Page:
By Debra Wilson Ellis
More customers order in the holiday season's 11th hour; be ready to fulfill.
Customers take a leap of faith when they place last-minute holiday orders. Different reasons drive them to place orders at the 11th hour. And however they come, their orders are more than a transaction; they're symbols of their relationships with your company, and they're depending on you to deliver.
Successfully fulfilling last-minute orders solidifies your relationship with customers. It says, loud and clear, that they can trust you to deliver at their most vulnerable time. Consequently, failing to deliver during this time jeopardizes your long-term relationship. Last holiday season, Foresee Results tracked online shopper customer satisfaction weekly. It found that as the season progressed, customer satisfaction declined. The week before Christmas, the aggregate satisfaction score fell 0.5 percent to 77.4 percent.
Service Affects Business
Customers dissatisfied with any shopping experience are less likely to purchase again or recommend the company to others. Customers who've had an unpleasant holiday shopping experience may even aggressively lobby against the company. There are few second chances granted when failure to deliver occurs during the holiday season. While everyone knows this intuitively, the effects rarely are quantified.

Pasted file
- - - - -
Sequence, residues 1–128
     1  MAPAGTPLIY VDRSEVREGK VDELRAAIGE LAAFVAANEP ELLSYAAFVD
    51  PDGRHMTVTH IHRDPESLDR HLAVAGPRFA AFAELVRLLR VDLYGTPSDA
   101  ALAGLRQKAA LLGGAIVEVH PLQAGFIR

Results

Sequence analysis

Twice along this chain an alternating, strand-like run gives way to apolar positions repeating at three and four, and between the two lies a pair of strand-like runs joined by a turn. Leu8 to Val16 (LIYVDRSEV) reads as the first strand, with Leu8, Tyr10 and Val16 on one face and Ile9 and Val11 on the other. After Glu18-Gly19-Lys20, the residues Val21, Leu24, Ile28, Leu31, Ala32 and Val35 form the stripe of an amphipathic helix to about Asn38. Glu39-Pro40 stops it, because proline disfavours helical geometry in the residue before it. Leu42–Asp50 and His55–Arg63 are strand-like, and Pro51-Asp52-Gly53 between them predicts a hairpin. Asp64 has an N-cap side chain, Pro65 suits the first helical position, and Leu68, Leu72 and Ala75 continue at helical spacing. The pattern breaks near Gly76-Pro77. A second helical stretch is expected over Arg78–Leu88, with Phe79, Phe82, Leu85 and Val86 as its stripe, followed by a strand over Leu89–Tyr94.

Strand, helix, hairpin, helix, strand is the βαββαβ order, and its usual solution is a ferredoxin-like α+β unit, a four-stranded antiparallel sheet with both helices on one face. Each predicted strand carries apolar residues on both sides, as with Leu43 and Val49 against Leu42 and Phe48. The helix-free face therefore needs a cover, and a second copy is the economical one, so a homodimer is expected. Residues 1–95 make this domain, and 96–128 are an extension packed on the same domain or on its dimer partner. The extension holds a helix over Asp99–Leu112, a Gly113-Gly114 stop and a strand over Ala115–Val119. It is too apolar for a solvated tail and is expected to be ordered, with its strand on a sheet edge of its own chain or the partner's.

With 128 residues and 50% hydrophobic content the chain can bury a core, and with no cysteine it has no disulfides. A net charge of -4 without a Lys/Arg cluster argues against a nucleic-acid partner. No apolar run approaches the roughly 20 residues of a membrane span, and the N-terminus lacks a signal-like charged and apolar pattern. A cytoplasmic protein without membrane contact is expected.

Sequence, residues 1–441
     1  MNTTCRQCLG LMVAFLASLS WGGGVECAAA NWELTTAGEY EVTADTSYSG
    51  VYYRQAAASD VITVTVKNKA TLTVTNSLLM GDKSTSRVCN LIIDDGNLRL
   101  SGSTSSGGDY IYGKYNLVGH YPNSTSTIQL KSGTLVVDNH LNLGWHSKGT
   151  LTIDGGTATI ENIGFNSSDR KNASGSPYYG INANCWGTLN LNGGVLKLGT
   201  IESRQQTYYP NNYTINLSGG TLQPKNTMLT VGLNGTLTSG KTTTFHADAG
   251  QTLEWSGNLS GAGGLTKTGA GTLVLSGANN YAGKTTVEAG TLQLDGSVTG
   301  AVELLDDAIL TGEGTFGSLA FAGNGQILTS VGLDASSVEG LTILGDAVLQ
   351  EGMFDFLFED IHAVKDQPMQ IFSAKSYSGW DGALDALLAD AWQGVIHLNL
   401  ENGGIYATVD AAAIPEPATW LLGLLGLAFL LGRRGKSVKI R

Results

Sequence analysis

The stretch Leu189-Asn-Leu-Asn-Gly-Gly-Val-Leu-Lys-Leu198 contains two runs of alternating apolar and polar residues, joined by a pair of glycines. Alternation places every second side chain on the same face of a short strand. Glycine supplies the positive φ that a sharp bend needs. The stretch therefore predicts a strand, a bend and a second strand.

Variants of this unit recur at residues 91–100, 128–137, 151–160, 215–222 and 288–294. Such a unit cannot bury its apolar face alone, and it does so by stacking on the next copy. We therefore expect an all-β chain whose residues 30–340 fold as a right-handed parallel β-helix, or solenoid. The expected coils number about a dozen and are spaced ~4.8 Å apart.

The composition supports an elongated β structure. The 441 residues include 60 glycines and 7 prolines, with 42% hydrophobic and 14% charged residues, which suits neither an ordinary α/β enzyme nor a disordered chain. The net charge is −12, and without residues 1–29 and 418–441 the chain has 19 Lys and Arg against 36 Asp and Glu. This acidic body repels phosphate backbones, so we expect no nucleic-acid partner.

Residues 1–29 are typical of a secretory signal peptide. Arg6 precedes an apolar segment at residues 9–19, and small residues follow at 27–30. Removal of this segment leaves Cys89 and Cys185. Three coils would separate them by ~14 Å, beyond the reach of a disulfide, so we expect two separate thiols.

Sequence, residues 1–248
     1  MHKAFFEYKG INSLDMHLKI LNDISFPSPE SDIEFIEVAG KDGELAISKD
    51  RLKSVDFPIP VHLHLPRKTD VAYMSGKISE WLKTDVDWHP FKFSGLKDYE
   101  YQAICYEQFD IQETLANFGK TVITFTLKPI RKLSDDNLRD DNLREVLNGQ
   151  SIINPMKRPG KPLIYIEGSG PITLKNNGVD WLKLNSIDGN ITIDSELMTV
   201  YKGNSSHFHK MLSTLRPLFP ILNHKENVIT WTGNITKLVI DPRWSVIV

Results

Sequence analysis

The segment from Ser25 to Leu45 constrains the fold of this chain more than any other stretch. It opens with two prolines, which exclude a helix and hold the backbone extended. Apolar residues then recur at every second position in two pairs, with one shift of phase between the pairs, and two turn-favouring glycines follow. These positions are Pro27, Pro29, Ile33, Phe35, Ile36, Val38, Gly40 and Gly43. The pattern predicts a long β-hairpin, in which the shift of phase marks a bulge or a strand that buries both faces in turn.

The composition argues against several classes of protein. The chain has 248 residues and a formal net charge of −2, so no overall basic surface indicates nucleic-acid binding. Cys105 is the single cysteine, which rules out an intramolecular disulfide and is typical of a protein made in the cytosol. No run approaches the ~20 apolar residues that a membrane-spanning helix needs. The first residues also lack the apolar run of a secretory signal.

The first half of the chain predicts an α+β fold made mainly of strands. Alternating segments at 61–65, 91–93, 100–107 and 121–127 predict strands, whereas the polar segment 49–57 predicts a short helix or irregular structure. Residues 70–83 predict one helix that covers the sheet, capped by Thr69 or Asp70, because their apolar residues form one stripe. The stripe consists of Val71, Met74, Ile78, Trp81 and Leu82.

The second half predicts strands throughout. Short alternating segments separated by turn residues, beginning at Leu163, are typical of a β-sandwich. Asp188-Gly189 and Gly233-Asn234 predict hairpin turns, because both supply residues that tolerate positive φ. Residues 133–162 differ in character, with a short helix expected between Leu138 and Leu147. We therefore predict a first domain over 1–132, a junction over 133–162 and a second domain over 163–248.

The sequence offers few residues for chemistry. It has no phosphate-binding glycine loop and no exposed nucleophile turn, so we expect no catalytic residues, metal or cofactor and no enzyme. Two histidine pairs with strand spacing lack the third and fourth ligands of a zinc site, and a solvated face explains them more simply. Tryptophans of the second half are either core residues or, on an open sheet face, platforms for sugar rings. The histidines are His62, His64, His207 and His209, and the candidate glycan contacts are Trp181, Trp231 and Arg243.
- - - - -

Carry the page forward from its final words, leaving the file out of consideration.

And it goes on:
Gauge Past Behavior
To see how service affects your business, take a sampling of customers who placed last-minute orders a few years ago. Divide them into two groups by whether they received their order before or after the holiday. Calculate the lifetime value for each group and compare the two. To compare holiday buyers to others, conduct the same analysis on customers who placed orders during the off season. Divide them into two groups by whether their orders shipped immediately or not. The results will provide you with a good reason to gear up for the holidays.
Customers increasingly are challenging the clock with last-minute purchases. Sometimes your marketing efforts drive last-minute purchases, but the trend is occurring even in companies that don't encourage it.